Earlier this year, Midshipmen from the Boston NROTC Battalion had the opportunity to attend the USNA Leadership Conference at Annapolis, MD, where they obtained the unique experience to hear from leaders such as Gen. Amos, USMC (ret., 35th Commandant of the Marine Corps), SgtMaj Kent USMC (ret., 16th Sergeant Major of the Marine Corps) and Ms. Jodi Greene (Deputy Under Secretary of the Navy (Policy)).

-Photos provided by MIDN 1/C M. Shifflet

Summer Internship At Lawrence Livermore

Article by MIDN 3/c Zachary Litwin

How should clandestine capabilities affect deterrence policies? Could supercomputer simulations replace nuclear testing? What do quantum mechanical models contribute to predictive theories of fission?

For over 60 years, Lawrence Livermore National Laboratory has answered questions like these. The Laboratory is the multidisciplinary conception of two physicists and was established during the Cold War to further nuclear research being done at Los Alamos. Its first major breakthrough was a warhead for the Navy’s submarine-launched Polaris missiles.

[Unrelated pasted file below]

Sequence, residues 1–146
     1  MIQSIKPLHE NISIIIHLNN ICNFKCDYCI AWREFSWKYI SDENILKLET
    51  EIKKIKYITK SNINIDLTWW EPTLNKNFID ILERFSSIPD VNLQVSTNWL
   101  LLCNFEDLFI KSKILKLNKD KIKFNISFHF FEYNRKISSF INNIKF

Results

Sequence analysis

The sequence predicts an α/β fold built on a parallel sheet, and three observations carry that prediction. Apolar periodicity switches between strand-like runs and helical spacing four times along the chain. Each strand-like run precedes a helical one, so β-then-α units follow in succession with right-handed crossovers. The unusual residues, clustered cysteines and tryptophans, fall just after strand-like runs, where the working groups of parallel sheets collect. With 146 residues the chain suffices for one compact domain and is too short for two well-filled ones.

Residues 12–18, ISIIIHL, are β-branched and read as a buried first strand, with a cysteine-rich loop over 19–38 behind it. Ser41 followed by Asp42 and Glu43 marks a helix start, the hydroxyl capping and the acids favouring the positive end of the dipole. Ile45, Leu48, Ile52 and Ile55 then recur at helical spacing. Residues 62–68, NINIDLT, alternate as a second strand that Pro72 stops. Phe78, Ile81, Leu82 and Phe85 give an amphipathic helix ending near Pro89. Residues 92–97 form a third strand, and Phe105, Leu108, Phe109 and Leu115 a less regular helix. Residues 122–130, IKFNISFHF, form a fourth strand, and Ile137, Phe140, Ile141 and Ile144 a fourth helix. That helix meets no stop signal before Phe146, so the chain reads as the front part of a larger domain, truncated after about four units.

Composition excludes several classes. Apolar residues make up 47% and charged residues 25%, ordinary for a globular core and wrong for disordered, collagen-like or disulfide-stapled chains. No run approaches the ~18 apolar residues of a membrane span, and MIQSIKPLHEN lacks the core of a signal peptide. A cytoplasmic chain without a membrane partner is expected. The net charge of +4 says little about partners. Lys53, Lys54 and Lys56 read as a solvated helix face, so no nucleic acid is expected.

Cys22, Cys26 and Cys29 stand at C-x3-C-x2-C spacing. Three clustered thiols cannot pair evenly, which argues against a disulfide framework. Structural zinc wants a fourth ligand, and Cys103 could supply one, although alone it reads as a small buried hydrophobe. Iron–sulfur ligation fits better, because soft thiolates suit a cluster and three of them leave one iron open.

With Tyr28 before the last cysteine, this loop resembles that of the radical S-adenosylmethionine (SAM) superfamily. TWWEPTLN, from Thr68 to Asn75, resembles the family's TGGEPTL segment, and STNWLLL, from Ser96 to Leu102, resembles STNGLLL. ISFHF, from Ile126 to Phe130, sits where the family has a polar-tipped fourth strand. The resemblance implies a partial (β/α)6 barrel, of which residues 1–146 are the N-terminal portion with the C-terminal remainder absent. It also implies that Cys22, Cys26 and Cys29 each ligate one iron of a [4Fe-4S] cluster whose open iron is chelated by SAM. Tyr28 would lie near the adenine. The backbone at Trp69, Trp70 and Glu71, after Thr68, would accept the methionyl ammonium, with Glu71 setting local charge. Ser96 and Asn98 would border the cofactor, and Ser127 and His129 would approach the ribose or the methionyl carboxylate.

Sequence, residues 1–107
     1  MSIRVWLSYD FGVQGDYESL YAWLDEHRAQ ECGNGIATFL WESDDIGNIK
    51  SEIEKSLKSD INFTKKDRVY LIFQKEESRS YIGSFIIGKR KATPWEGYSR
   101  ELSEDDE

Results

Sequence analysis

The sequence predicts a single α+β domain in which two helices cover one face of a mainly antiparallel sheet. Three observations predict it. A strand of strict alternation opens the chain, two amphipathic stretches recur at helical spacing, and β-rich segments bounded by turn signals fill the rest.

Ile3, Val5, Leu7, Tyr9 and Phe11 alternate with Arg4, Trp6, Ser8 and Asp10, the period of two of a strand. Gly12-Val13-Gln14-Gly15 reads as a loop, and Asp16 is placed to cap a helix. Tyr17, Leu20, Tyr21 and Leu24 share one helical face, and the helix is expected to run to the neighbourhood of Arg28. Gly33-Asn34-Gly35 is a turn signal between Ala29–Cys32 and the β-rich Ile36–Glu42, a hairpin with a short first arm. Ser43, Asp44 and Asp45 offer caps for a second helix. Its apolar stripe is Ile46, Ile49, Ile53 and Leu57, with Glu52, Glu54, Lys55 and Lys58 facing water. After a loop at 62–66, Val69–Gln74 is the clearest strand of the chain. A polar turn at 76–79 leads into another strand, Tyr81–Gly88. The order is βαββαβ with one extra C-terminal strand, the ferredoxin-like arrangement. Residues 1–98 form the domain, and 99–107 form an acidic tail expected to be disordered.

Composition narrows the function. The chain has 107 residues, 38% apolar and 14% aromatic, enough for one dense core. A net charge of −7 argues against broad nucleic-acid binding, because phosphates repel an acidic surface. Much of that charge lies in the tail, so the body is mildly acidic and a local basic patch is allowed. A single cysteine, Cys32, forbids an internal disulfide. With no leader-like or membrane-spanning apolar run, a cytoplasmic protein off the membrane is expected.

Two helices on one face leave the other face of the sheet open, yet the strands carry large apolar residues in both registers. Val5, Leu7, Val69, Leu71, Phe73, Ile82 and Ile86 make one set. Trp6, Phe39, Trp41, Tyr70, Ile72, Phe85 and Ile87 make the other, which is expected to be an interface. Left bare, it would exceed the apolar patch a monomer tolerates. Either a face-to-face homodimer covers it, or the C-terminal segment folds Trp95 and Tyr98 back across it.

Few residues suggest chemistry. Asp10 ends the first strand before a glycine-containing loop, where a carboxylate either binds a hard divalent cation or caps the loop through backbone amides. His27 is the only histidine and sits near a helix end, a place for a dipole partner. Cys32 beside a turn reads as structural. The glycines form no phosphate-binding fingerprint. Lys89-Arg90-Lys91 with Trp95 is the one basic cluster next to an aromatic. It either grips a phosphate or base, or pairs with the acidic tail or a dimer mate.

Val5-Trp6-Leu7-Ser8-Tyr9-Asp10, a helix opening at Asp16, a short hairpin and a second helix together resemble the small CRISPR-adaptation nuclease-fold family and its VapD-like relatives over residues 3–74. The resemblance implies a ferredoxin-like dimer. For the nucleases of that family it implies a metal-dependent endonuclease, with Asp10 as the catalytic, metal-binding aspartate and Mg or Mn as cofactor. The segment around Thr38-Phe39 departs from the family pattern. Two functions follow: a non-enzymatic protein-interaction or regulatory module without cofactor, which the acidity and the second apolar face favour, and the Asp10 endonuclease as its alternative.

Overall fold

Today, the Laboratory’s focus on strategic deterrence and nuclear security continues. However, its mission has expanded to include many other research directions that change how America fights and wins. Over 40% of the scientists and engineers employed by the Laboratory hold Ph.D.s, and from the newest smart weapon to the world’s fastest supercomputer, Lawrence Livermore has it all.

To educate the next generation and preserve existing partnerships, the Laboratory hosts hundreds of undergraduate, graduate, and postgraduate interns each summer. Among these visiting students are Midshipmen, Cadets, and Active Duty Officers from the Navy, Army, and Air Force. In fact, there is a program that brings in ROTC students as well as recently commissioned officers. Internships manager Barry Goldman explains, “LLNL is a Department of Energy (DoE), National Nuclear Security Administration (NNSA) Defense and National Security Lab. As such, there is a lot we do that supports DoD. By providing support to researchers, ROTC [interns] learn about us and what we do for the military. We see this as a win-win for you and your careers and possibly for LLNL… You bring energy and motivation, and of course, you support the military.”

All interns either do a research project or support their assigned mentor’s research. Additionally, interns can choose to attend guest speaker events, seminars, and tutorials held on campus by experts from various agencies and universities.  Some research groups hold classes taught by experienced faculty for their interns.